When Hamameh's grandfather was granted citizenship, his children automatically became citizens.

"Dad, too, came to the land of opportunity to find work. He stayed with his brother, who had already immigrated here. Dad found work at the Silvercup Bakery," says Hamameh, naming a historic Detroit fixture. "About six years later, after establishing himself, Dad went back home, married Mom, and brought her here."

When she was very young, Hamameh was told she should become a lawyer because she was notorious for asking, "Why?" As she grew older and her family's financial struggles mounted, that goal appeared unrealistic and unattainable. An undaunted Hamameh worked hard to overcome those struggles and make it all happen.

"Now I often half-wittingly joke that I went to law school because I was told I couldn't," she says.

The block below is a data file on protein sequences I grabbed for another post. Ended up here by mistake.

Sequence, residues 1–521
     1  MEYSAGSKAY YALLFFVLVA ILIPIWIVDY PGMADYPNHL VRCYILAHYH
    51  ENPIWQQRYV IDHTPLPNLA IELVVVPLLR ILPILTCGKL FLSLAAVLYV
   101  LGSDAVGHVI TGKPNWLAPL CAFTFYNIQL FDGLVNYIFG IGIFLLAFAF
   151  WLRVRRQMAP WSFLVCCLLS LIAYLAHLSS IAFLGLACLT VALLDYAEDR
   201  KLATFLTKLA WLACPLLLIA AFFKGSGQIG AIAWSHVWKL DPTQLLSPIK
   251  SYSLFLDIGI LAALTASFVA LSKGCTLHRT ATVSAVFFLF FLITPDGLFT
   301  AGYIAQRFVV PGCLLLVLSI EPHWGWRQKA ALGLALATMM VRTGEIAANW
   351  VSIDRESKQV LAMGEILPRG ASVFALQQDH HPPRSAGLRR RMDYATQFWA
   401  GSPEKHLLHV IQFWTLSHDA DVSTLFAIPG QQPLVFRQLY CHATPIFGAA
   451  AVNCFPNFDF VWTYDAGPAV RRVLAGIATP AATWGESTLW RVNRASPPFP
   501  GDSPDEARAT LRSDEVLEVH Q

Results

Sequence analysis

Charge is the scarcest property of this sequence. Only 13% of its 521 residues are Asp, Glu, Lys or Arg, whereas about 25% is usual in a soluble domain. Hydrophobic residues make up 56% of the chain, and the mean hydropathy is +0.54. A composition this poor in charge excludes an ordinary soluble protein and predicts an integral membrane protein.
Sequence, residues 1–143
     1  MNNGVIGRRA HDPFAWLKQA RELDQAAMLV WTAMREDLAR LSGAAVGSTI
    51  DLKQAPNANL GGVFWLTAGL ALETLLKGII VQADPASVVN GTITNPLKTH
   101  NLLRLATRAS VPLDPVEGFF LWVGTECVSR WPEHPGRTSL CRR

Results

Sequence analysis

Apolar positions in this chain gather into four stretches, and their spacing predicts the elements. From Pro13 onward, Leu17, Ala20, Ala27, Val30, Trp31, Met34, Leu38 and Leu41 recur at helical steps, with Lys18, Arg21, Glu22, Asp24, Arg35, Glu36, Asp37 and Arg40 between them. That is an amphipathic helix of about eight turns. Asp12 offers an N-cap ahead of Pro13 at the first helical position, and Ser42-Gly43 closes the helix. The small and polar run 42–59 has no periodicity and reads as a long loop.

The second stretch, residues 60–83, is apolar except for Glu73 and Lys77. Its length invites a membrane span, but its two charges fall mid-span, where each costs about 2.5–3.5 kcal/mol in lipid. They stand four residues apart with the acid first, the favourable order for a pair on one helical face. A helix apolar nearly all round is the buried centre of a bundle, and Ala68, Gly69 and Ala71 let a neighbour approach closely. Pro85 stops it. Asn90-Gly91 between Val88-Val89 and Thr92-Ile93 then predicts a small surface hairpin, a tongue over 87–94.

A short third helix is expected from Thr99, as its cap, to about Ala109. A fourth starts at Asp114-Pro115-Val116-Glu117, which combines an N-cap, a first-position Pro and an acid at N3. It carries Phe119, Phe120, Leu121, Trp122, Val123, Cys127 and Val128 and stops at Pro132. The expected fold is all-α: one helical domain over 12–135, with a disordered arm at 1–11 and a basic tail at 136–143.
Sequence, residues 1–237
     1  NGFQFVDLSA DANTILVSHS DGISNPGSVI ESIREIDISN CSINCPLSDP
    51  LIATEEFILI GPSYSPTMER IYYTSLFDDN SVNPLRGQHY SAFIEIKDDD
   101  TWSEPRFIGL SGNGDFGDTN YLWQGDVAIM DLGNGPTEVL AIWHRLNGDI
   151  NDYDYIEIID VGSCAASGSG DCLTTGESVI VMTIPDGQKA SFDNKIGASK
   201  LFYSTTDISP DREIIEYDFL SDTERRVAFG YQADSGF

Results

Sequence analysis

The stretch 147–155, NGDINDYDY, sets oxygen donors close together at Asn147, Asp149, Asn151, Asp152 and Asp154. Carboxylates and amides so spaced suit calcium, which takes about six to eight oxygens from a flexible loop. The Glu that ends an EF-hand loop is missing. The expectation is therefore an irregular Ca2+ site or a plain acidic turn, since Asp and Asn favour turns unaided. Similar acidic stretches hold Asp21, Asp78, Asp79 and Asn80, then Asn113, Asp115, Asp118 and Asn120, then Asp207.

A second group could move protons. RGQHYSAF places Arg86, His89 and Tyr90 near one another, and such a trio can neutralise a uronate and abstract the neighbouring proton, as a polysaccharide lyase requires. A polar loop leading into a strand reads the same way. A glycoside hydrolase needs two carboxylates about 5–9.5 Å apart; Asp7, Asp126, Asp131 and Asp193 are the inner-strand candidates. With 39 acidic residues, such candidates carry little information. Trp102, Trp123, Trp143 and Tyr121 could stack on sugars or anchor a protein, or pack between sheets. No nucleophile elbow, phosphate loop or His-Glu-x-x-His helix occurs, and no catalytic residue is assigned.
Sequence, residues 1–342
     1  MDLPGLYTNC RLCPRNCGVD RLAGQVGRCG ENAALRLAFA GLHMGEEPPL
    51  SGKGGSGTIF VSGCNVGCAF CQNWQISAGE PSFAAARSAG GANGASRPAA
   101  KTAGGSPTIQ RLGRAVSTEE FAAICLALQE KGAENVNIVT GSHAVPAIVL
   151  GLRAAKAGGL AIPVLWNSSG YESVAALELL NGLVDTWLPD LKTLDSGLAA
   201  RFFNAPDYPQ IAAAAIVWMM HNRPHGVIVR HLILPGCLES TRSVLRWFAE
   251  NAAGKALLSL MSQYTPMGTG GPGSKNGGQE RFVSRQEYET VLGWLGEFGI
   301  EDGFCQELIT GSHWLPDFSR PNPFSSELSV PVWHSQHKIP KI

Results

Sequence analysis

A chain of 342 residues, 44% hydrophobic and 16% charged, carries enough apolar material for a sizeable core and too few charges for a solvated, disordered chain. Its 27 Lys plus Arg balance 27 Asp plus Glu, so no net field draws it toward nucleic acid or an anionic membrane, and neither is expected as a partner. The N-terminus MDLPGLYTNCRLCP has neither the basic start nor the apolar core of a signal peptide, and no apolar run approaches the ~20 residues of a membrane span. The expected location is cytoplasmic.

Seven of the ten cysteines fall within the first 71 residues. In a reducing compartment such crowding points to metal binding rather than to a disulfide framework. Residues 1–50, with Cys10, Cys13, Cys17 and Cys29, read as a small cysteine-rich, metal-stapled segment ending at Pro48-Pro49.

Growing up without a lot of money may have given Hamameh the drive to succeed academically and in the workplace. However, it also paved the way for her to become the dedicated community servant she is today.

"As a kid, I can remember receiving food and gifts from the giving tree at our Church. Being young, I did not care much about the food, but I remember receiving the coolest gift ever. It was a bright yellow scarf that had mittens built in on each end of the scarf. I can still recall opening that gift and feeling overwhelmingly happy," says Hamameh.

That scarf was not expensive, but it brought immense joy to a young Hamameh, who has never forgotten the feeling that someone cared about her plight.

"Now I strive to bring that same joy to somebody who needs it-whether it's a sick child in a hospital with nobody to play with, a homeless adult who can use a warm meal and a smile, or a student who is anxious to absorb any bit of confidence and encouragement needed to succeed in life."

Published: Wed, Jun 29, 2011